Economics, Literature and Scepticism

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I am a PhD student in Economics. I am originally from South Africa and plan to return there after my PhD. I completed my M. Comm in Economics and my MA In Creative Writing (Poetry) at the University of Cape Town, where I worked as a lecturer before starting my PhD.

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Saturday, June 21, 2008

Internet Writing - my comment

Posted by Simon Halliday | Saturday, June 21, 2008 | Category: , , |

I just read the article How is the Internet Changing Literary Style? (hat tip Marginal Revolution) I think that the author has some decent comments, but fails to address the question of the differences in the kind of writing and the incidence of the reading of such writing. For example, I enjoy reading the long magazine articles from the New Yorker magazine (caught out), or from various other decent publications. However, doing this means that I focus my attention on one subject for a fairly long period of time, normally on a subject in which I am quite interested.

Blogging, on the other hand, allows me to dip in and out of subjects along a continuum from very familiar to unfamiliar and just get a taste of what they are about, if I read a long magazine article I don't get a taste, I get a 5 course Italian meal. As I am mainly interest in content and grab-factor when getting these tastes, I am not, personally, as concerned as I customarily am with stylistic indicators. I am, and I think always will be, concerned with basic grammar, I don't mean that I want someone to have grammar that is optimal every time I read their blog, or to have flawless spelling, but if you regularly have poor spelling and poor grammar then I am less likely to read your blog. I don't read blogs that use text-speak. The piece mentions the difference in kind, but without as much strength as I would like.
cowen.jpg
One of the major difference I have also found with blog reading versus normal magazine reading or article reading is the use of hypertext links. Tyler Cowen (right) and Russ Roberts (left) discuss this phenomenon in one of Roberts's PodCasts at EconTalk, they discussed how links have already begun to affect, and will continue to affect how research is done. They don't officially predict the 'end' of the journal article, but they comment on how a prediction was made (and I have trawled those darn podcasts and can't find it) saying that this was the future of Economics as a discipline, and possible of most sciences. I have begun using links in some of my academic note-writing (which LaTex, which is 'FREE', is good for), but I haven't done it at all with actual academic articles. Personally I think that it is a fantastic idea. Instead of only having the article and what you have written, the electronic (pdf) version of the article should contain links, should allow the reader to be able to see some of the academic and non-academic texts and and other influences that have informed your thinking. For example, though I often disagree philosophically with Russ Roberts's commentary on EconTalk, the ways that he educates and informs people give me a path to understanding how to be a better economist. This is especially the case with being able to hear such a (semi)diverse group of interviewees like those that he interviews and to get their opinions, their methods of arguing and to use them in refining my own. If I could, in an academic paper link somehow, not only to academic research, but to podcasts on topics, wikipedia entries, blog entries and so forth, the really interested reader could map the path to my final conclusions in way that an experiential way and not just an academic way (à la Hayek and experiential learning, maybe? a bit dubious possibly). I think that this would require non-highlighted link entries, but the actual implementation of such a concept is best left for later I think. This could be madness...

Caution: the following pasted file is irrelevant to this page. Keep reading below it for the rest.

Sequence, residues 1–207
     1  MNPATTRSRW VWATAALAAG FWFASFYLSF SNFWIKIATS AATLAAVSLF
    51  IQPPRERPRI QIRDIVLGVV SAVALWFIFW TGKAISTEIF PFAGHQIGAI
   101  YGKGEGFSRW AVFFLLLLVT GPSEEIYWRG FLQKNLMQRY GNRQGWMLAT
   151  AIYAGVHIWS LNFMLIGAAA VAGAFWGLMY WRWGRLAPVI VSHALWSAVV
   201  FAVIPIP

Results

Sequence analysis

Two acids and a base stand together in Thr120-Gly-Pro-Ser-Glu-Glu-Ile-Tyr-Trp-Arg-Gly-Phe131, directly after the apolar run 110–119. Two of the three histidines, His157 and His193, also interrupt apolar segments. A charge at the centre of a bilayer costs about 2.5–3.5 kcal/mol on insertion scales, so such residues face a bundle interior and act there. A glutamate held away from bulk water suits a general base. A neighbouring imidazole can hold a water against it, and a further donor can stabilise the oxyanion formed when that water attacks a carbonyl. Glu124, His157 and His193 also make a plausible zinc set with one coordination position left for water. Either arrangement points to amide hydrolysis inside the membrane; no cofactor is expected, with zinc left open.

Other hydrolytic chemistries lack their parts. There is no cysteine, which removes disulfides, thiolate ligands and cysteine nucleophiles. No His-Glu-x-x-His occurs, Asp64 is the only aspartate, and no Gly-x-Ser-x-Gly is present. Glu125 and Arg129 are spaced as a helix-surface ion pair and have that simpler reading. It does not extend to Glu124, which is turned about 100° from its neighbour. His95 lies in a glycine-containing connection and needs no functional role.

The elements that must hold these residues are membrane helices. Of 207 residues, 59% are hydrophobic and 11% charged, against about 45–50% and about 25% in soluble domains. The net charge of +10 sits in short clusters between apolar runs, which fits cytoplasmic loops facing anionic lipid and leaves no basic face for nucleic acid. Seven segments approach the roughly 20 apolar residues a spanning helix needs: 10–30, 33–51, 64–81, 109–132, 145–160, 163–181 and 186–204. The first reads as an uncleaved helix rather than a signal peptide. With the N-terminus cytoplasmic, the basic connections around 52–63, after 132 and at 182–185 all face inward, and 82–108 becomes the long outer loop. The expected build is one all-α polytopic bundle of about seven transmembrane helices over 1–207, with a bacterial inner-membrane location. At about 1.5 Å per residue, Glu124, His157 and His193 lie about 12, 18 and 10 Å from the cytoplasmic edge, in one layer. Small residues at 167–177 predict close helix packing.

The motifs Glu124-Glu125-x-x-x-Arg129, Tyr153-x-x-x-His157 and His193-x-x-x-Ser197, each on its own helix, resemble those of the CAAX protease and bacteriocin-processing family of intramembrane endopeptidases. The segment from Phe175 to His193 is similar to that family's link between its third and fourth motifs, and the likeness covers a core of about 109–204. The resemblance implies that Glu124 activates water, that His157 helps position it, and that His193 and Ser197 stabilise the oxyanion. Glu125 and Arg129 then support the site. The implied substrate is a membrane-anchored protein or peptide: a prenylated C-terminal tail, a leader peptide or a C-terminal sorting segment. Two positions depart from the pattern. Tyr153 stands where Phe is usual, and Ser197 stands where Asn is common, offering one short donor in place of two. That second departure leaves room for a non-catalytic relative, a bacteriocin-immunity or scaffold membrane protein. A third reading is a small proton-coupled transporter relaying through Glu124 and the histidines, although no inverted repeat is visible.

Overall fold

Anyway, my main point is that I don't understand why the author (Caleb Cain) of the article, which was actually a transcript of a speech, didn't give much weight to the incredible phenomenon that is hyperlinking. Cain admitted to their utility in his comment on quietness (which he says is required for longer piece and I agree), and asks "Where are the links?" I think that the question warrants deeper assessment.

Hyperlinks are, I believe, one of the major strengths of internet writing and also the mark of a responsible blog. Link to what you've read, try not to be sloppy. I am doing my best to pursue this in the expectation that at some point some interested employer will think to themselves, "What does this candidate do? What does he think? Let me see if he blogs..." and be able to see that I am a coherent individual in situations other than my academic writing. I also like to think that we will end up in a world where data is mostly open source and that we will be able to link to all kinds of data from our blogs and other people will be able to replicate whatever our results are by themselves with ease. Who knows? I also hope that people out there simply enjoy reading blogs and if they happen across mine, might happen to enjoy my
2 cents.

Currently have 1 comments:

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